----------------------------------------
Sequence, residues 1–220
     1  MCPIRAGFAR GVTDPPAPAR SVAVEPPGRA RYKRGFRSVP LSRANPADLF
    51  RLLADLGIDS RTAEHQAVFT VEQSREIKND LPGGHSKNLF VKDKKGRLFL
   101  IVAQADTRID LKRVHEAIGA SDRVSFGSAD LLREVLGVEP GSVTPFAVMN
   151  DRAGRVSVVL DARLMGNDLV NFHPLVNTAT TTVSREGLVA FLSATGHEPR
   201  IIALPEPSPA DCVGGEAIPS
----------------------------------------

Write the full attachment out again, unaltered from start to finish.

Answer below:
Sequence, residues 1–220
     1  MCPIRAGFAR GVTDPPAPAR SVAVEPPGRA RYKRGFRSVP LSRANPADLF
    51  RLLADLGIDS RTAEHQAVFT VEQSREIKND LPGGHSKNLF VKDKKGRLFL
   101  IVAQADTRID LKRVHEAIGA SDRVSFGSAD LLREVLGVEP GSVTPFAVMN
   151  DRAGRVSVVL DARLMGNDLV NFHPLVNTAT TTVSREGLVA FLSATGHEPR
   201  IIALPEPSPA DCVGGEAIPS